YEP Letters: May 11

Mark Burns-Williamson. PIC: Andrew Bellis
Mark Burns-Williamson. PIC: Andrew Bellis
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Check out today’s letters from your YEP.

Police role should be apolitical

John Appleyard, Liversedge

AS one person who returned the crime commissioner voting paper unmarked and unspoilt, I hope there’s no implied 
criticism that I am neglecting my democratic duty.

You see, I do not agree with PCCs being affiliated to a political party.

The police service is and always should be apolitical, so its bosses should be.

I might have voted for a candidate who declared “independence”, depending upon his/her priorities, but there wasn’t one.

If the system rejects my “none of the above” vote, then it’s time for a system rethink.

I do have a political viewpoint and vote accordingly in local and national elections,

Campaign is based on people’s fears

Derek Barker, Moortown

David Cameron is now suggesting that if we vote to leave the EU that this could destabilise Europe to the 
point of starting a war between the European nations as in WW2.

He conveniently overlooks the fact that the NATO Alliance which has nothing at all to do with the EU was created to safeguard against that happening, along with the proportional representation voting system that was imposed by the allies on Germany and Italy after the war.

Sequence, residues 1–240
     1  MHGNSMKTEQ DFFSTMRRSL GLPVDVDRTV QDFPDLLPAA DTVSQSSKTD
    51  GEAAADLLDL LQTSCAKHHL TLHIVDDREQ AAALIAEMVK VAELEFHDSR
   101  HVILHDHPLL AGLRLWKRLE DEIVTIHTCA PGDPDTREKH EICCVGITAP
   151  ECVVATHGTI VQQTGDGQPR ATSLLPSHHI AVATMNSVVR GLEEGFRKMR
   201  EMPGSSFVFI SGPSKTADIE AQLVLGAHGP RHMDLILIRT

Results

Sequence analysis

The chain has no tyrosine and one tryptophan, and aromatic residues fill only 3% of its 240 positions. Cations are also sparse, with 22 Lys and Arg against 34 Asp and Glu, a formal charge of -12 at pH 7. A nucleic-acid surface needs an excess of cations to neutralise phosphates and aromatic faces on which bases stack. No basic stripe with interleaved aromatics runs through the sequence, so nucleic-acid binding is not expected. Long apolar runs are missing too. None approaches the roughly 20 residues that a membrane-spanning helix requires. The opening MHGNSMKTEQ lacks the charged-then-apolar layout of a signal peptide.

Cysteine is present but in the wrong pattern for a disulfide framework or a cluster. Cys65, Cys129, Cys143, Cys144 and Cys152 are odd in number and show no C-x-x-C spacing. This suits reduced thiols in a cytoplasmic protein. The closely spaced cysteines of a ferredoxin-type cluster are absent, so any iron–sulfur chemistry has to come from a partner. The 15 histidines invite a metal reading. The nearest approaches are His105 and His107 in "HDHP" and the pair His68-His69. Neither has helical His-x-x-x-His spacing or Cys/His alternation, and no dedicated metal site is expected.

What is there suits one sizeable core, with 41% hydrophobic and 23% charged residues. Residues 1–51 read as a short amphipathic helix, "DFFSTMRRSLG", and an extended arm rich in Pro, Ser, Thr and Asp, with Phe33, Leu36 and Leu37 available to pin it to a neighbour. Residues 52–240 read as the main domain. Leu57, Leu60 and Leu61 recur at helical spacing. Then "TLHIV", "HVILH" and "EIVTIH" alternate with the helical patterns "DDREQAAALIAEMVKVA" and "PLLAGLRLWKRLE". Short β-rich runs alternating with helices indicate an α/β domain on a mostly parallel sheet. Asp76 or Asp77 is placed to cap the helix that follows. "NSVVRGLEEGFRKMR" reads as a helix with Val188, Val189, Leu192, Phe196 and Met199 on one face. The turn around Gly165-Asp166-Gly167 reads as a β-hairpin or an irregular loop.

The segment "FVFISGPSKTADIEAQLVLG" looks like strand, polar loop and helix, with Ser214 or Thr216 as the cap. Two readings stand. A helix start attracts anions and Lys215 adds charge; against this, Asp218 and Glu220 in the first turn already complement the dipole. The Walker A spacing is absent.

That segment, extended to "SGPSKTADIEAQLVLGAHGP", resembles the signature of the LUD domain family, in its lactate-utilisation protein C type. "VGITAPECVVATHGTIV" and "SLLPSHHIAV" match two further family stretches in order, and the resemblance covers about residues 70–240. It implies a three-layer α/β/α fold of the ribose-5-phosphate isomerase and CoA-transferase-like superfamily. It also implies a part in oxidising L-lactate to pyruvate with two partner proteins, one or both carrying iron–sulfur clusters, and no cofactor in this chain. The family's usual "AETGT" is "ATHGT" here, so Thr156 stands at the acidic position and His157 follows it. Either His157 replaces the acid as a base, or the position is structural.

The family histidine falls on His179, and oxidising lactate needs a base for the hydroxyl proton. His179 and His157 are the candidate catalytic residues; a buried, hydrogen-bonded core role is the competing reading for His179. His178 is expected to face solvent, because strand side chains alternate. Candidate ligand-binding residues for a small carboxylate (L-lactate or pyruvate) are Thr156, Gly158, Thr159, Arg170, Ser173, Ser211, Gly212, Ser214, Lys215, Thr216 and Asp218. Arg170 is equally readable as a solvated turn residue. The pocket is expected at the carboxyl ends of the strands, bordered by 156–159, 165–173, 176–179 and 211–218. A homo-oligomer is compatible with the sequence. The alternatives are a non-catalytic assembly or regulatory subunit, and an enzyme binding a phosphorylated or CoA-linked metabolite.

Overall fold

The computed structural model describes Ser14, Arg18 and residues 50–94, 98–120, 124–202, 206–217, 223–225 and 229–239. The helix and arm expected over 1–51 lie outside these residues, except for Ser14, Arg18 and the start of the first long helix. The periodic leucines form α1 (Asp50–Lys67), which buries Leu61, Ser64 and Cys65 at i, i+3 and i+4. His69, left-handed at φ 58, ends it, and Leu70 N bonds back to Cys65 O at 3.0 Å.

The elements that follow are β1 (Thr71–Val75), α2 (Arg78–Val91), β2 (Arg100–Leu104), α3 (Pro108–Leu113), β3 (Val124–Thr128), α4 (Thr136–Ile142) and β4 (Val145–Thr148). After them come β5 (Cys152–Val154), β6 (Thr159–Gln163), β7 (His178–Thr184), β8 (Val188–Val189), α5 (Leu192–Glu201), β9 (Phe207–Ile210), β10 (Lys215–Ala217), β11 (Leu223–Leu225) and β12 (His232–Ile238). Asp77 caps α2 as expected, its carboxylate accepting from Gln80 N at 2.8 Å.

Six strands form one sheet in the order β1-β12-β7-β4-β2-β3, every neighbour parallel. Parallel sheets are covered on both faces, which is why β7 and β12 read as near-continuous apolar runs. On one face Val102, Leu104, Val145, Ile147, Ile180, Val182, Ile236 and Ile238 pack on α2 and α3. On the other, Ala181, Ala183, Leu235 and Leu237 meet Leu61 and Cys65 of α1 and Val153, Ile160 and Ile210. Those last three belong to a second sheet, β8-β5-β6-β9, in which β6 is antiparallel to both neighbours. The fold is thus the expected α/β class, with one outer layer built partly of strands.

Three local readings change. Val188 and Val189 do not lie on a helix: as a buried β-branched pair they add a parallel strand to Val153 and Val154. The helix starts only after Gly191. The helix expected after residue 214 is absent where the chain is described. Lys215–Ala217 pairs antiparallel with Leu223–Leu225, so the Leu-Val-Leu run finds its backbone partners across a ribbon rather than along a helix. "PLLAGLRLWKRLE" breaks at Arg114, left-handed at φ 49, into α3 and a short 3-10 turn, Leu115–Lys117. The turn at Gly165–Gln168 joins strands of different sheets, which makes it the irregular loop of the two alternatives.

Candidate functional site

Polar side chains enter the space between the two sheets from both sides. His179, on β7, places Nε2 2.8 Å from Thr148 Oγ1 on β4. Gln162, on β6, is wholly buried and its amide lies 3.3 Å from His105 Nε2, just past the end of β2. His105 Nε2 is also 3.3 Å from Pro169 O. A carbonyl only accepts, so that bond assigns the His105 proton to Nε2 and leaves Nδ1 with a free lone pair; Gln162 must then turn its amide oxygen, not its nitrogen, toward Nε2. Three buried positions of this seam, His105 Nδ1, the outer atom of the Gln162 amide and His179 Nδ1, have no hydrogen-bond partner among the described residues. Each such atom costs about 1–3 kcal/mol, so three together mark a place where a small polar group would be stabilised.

He also overlooks the fact that the UK could not possibly become involved in such a war as our armoured vehicles are now being manufactured in Spain using Swedish steel and that most if not all of our ammunition is made in Belgium.

Then we have the Chancellor George Osborne saying that if we leave the EU that this would put up mortgage interest rates and bring about financial hardship for the working people of this country, though by his omission it would not apparently cause any harm to the already well off.

The huge influx of EU migrants is bound to have a detrimental effect on the economy for the ordinary working people of this country by driving down wages and increasing demand for housing which in turn increases property prices which 
benefits Mr Osborne’s rich chums.

The more that Mr Cameron and Mr Osborne try to persuade us to vote to stay in the EU the more that they come across to me as being desperate, because they so far have not and very likely because they cannot, said anything positive that would be of benefit to the ordinary people of this country if we vote to stay in.

Their remain campaign is based purely on negative scaremongering and until they can come up with some positive beneficial reasons for us to remain in the EU I feel quite sure that the vast majority of the British people will remain unconvinced, this pair clearly aren’t cut out to be cheerleaders.